Tent To Arrive From National Guard On Monday
January 29, 2011 - By Dave Emke, firstname.lastname@example.org
CHERRY CREEK - In just a few days, skiers will be coming down the slopes at Cockaigne Ski Center once again.
A news conference will be held at Cockaigne today at 10 a.m., where owner Jack VanScoter is expected to announce that the center will reopen for business Wednesday night.
A large tent is expected to arrive from the Army National Guard's 2-101 Cavalry in Buffalo on Monday, and it will be used as a temporary lodge. The ski center's historic lodge, originally the Austrian pavilion during the 1964 New York World's Fair, burned to the ground earlier in the week.
Assemblyman Andy Goodell is helping to coordinate the effort to support the ski center, and he said Friday that agencies including the American Red Cross of Southwestern New York, the Chautauqua County Health Department, the Department of Environmental Conservation, and the state Office of Parks and Recreation are all banding together to get Cockaigne up and running again as quickly as possible.
RED CROSS WORKS TO BRING IN TENT
According to Jeff Laumer, director of emergency services for the American Red Cross of Southwestern New York, the National Guard promotional tent that will serve as Cockaigne's temporary lodge will measure approximately 60 feet by 20 feet.
Laumer said the Red Cross' goal is always to help people get back on their feet after disaster strikes. Cockaigne Ski Center employs more than 200 local individuals, and the Red Cross is there to help them, Laumer said.
As the slopes at Cockaigne were not affected by the fire, and with other area ski lodges chipping in to help with rental equipment, what was needed was a lodge. Laumer said he started calling National Guard units in the area to try to make something happen, eventually making a connection.
''I thought if we could just set something up and help them provide a lodge, that would help them continue to provide operations,'' he said.
After the tent is delivered by the National Guard on Monday, a volunteer team put together by Laumer will assemble it and put it in place for Cockaigne's use. The use of a tent as a lodge will be a return to Cockaigne's roots, as a tent was used as a temporary lodge in 1966 for the ski center's first year of operation while the Austrian pavilion was being reconstructed on site.
''Hopefully, it can stay in place for the rest of the season to serve as their replacement lodge,'' Laumer said. ''It's the first step to coming to a solution.''
MANY COMING TOGETHER
Goodell said that in addition to the tent, the Cockaigne that those who visit will see for the remainder of the season will have many amenities - just in a different setting.
Arrangements are being made with a local food service provider to offer fare such as hot chocolate, hot dogs and hamburgers, he said. Porta-potties will be available as restroom facilities, and picnic tables are being brought in from Midway State Park. Temporary business offices have already been set up in the form of a trailer.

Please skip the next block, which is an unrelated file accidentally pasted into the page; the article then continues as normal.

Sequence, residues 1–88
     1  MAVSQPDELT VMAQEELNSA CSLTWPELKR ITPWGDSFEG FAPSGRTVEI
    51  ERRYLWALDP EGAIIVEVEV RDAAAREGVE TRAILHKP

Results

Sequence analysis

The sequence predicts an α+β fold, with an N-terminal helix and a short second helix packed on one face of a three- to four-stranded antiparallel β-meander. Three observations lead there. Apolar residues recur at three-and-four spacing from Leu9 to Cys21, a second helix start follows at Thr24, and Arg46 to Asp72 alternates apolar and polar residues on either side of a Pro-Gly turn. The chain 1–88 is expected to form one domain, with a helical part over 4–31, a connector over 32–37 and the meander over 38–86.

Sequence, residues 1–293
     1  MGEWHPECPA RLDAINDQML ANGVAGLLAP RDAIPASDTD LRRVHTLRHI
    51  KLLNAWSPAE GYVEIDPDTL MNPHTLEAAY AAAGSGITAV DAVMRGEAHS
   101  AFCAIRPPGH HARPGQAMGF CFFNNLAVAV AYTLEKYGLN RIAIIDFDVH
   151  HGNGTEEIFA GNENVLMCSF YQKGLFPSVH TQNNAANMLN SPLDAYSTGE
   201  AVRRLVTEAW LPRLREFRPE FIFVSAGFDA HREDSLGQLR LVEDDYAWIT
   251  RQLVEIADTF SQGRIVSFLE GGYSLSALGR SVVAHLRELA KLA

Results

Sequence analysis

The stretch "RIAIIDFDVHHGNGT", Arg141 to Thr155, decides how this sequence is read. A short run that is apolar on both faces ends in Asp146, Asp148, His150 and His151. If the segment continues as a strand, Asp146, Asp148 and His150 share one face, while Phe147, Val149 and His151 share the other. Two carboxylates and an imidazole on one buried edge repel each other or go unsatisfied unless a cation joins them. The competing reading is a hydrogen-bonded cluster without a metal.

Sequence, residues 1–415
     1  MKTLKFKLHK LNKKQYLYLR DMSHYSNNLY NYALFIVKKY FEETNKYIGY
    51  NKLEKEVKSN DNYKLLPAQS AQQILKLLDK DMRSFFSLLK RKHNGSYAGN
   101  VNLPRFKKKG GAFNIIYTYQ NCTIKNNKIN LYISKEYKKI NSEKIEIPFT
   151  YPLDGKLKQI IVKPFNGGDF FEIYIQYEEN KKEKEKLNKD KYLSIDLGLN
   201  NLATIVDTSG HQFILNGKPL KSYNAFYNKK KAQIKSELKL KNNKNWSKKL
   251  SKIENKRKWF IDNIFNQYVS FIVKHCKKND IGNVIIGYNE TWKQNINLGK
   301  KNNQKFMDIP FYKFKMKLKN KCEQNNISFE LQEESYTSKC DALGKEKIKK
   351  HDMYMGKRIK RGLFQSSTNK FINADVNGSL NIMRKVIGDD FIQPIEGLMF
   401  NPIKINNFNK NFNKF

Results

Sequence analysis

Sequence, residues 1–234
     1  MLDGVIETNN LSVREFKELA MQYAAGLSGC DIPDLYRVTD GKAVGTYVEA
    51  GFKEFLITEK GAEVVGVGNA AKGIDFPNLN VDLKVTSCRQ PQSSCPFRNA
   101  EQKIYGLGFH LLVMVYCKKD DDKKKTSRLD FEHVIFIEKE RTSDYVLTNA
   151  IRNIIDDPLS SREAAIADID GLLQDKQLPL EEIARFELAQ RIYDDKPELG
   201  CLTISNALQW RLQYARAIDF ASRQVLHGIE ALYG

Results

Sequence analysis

For ski clubs and others who rent their equipment, the ski center plans to have items available. The difference is that - as Cockaigne's equipment was destroyed in the fire - the names on the equipment will reflect the local lodges who have chipped in their support.
''It's likely that if you go to Cockaigne and need ski rentals, you might have skis from Peek'n Peak or Holiday Valley or somewhere else,'' Goodell said. ''There has been a tremendous amount of support coming through.''
Goodell said that in addition to him, local economic development staff including Bill Daly of the county Industrial Development Agency have reached out to Cockaigne, as has County Executive Greg Edwards and the state Economic Development Agency.
All have been coming together to help Cockaigne both in the short term and the long, Goodell said. However, present-day needs must be addressed before anything down the line can be tackled.
''The owner is focused on getting the place opened, and that's an incredible process,'' Goodell said. ''The long-term future of Cockaigne will be addressed as soon as the immediate demands of getting the place opened are taken care of.''
The remains of the former lodge are in the process of being relocated from their current location to a cleared area near the ski center's entrance, from which they will be removed in the spring.
At the same time, a volunteer effort is being coordinated to begin the effort to transform the former Grainery Restaurant, located across the street from Cockaigne, into a more permanent lodge. Goodell said work is already being done to attempt to transfer the lodge's liquor license to the former restaurant, and that the Alcohol Beverage Control board is being very cooperative in the effort.
Goodell said he is coordinating the effort even though Cockaigne is not in his Assembly district because he has special ties to the ski center. Not only is he a certified ski instructor at Cockaigne who lost all of his equipment in the fire, he said, but many of the center's employees live in his district.
''I took the lead just because of the employment impact on Chautauqua County, and because I have a longtime personal relationship with Cockaigne,'' he said.
Goodell said Assemblyman Joe Giglio - in whose district Cockaigne sits - is also very supportive of the effort, as is state Sen. Cathy Young.
''Certainly, they will do anything they can to help the employees and help the organization survive this,'' he said. ''And we're lucky to have those two there.''
Goodell said that the overwhelming support that has been shown from so many different people and agencies has been incredible.
''It really is heartwarming, and it some ways it's what's unique about Chautauqua County and the people here,'' he said. ''We have a reputation for pulling together and helping each other when we really need to.''
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